|02-15-2003 12:05 AM|
|cvarcher||As well as the rummynose ,pristellas and glolites.Hmmmm just the Harlequins cant seem to cope. I doubt very much if Amano has better water or lab testing equipement than me.I work in a state of the art lab with equipment that tests down to parts per billion .(Ive been an Analytical Chemist for 22years) I should be getting some digital pics of this little heavily planted tank tonite and I will try and post it. I havent cleaned the front glass of algae in several weeks,and the Glossostigma is running all over the place along with Pennywort verticillata.Im very pleased with this hobby despite the heavy fish loss.|
|02-14-2003 03:39 PM|
|02-14-2003 02:07 PM|
This might sound off the wall, but if it is not a pH swing, you might have some sort of parasitic or fungal disease (the white patches you describe?) that only affects the Harlequins. The South American fish (even the relatively delicate Cardinals and Neons) might not be affected.
Maybe try treating with some broadband antibiotics just before you add the new fish and see if they survive the rigors of acclimation this time.
|02-14-2003 03:28 AM|
|cvarcher||I appreciate all your helpful time and thought in this weird problem.The 6 neons and 2 glolites are still doing fine.Ive further added Cardinal tetras.What Rex is saying about in nature the natural ph swing is true,thats why I still dont believe its the ph swing.But I will try Lanstars test shutting off the CO2 .First though I have to buy a few more Harlequins(yikes).Sounds like I should just leave the darn gas on 24 hours if Rex is only seeing a .4 ph swing.Somehow I still feel a bit betrayed reading Amanos book clearly stating to shutoff the gas for the nite.And he wasnt the only source I read that said that!|
|02-13-2003 10:55 PM|
Here's an "acid" test... pardon the pun.
Turn off the CO2 and leave it off for 24 hours.
Then after it's been off for a day, buy some fish.
Put them in.
Continue to leave the CO2 off for another day or two or three (or until the fish die if they do).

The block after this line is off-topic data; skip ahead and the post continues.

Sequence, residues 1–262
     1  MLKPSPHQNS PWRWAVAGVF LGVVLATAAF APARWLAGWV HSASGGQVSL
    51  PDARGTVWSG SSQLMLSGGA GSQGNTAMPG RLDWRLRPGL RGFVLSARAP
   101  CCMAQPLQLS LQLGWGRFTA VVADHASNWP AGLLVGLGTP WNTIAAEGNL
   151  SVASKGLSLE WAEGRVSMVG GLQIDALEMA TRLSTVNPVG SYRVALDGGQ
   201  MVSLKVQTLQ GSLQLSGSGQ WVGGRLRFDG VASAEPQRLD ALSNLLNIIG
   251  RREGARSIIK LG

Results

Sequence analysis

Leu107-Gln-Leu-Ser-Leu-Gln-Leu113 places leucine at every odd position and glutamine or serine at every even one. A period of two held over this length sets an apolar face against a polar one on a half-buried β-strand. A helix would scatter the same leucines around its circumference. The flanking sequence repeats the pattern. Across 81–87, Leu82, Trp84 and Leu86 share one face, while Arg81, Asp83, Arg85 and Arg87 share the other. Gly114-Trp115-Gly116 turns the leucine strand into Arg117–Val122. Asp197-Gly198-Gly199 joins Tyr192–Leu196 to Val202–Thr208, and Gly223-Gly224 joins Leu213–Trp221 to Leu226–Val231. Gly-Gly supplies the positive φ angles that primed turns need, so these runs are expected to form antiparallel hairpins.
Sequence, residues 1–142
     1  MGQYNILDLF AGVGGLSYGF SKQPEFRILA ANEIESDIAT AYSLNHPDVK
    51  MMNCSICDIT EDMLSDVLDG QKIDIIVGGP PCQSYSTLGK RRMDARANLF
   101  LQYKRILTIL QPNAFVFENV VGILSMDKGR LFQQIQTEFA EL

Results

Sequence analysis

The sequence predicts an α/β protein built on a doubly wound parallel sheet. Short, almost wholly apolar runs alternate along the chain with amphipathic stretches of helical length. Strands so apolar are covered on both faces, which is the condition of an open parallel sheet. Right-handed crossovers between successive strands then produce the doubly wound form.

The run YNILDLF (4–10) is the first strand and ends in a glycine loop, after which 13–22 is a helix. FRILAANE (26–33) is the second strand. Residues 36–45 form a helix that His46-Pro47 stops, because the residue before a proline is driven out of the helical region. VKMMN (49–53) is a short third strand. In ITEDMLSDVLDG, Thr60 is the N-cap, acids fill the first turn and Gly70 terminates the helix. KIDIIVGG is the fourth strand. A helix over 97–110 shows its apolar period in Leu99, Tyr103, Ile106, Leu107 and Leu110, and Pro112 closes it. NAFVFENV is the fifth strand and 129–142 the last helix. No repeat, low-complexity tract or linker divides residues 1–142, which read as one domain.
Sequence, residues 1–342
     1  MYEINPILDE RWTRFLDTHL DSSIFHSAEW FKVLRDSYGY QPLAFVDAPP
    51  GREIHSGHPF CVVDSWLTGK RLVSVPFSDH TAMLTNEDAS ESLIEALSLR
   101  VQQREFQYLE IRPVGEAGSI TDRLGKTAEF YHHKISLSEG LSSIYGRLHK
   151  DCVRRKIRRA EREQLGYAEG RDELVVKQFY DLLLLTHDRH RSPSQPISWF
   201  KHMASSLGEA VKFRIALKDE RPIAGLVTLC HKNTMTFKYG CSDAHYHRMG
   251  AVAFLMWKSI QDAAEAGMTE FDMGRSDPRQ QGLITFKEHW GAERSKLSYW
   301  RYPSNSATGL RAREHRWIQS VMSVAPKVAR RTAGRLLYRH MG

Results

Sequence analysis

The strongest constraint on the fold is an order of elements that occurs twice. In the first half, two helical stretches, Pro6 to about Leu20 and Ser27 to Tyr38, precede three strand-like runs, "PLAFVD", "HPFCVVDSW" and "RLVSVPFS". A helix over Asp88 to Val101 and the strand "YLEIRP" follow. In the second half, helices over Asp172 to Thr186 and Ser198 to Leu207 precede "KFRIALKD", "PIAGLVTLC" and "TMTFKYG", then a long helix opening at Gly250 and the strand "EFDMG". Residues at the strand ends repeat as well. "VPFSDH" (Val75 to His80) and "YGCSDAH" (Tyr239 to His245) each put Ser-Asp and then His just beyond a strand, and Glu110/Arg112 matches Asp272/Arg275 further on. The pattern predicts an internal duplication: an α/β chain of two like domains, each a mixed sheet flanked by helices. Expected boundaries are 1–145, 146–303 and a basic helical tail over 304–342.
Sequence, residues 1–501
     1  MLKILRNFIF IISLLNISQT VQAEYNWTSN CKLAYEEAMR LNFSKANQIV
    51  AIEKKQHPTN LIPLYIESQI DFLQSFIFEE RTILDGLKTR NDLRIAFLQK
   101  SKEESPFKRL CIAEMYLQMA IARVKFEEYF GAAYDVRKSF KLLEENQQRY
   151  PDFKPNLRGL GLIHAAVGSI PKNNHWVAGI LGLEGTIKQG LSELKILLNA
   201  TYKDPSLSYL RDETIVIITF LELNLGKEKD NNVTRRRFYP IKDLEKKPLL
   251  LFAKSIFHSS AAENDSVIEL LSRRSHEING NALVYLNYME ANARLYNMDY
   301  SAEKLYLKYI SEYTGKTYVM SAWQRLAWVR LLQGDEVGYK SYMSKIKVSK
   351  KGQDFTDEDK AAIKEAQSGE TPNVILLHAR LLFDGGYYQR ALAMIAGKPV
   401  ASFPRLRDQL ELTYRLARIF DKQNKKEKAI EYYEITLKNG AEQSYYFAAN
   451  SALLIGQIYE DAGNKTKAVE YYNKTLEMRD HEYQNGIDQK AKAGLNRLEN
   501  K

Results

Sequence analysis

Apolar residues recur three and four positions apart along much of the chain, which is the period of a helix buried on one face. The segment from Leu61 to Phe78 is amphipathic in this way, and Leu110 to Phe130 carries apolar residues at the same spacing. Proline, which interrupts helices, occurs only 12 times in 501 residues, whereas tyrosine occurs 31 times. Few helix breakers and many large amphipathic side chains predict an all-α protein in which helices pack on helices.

If the fish die, you KNOW it isn't CO2 caused pH swings that's killing them.
If the fish don't die you've got a big red flashing sign that says "pH Swing is the problem."
You can turn the CO2 back on at that point and let it swing like you have been doing. Exactly the same, no changes or you spoil the experiment.
One of two things will happen... The fish will then die (which will turn on the siren over the red flashing sign) -or- they will have gotten over the initial shock of being transplanted and may be healthy enough to stand the swings and live.
That would tell you once and for all...
|02-13-2003 01:44 AM|
|Rex Grigg||Most fish can handle a 0.5 pH swing with no problem. It varies more than that during the day night cycle in the places most of our fish come from. A heavy rainstorm can cause a 1 point change in small streams in minutes. I run CO2 on three tanks. One DIY (10 gallon) and two pressurized (29 and 55 gallon) and I leave it on 24 hours a day. I get at most a 0.4 point swing in my pH during a 24 hour cycle. That's much less than you are getting by turning it off. I doubt though that the pH swing is what is killing your fish.|
|02-12-2003 11:40 PM|
PH changes of more than 0.2 are stressful to the fish. We are always told to be careful when adding new fish to the tank to not subject them to big changes, heck, I don't know if it's true, it's just what I've read time and time again.
I think that the additional lowering of pH if the CO2 was left on should be investigated instead of taking the book's word on that. The book may not realize how much pH was lowered by adding the CO2. How much more the pH falls overnight may not be as significant as the rise you are subjecting them to now.
Wasting gas is insignificant when compared to wasting fish.
It would be easy enough to back off on the CO2, to maybe 10 or 15 ppm and do the testing to see what the actual day to night change is with the gas on. Then if it is reasonable, not rising overnight to lethal levels, then crank back up to the 20 ppm you are running now if you feel that you need that much. You need a balance.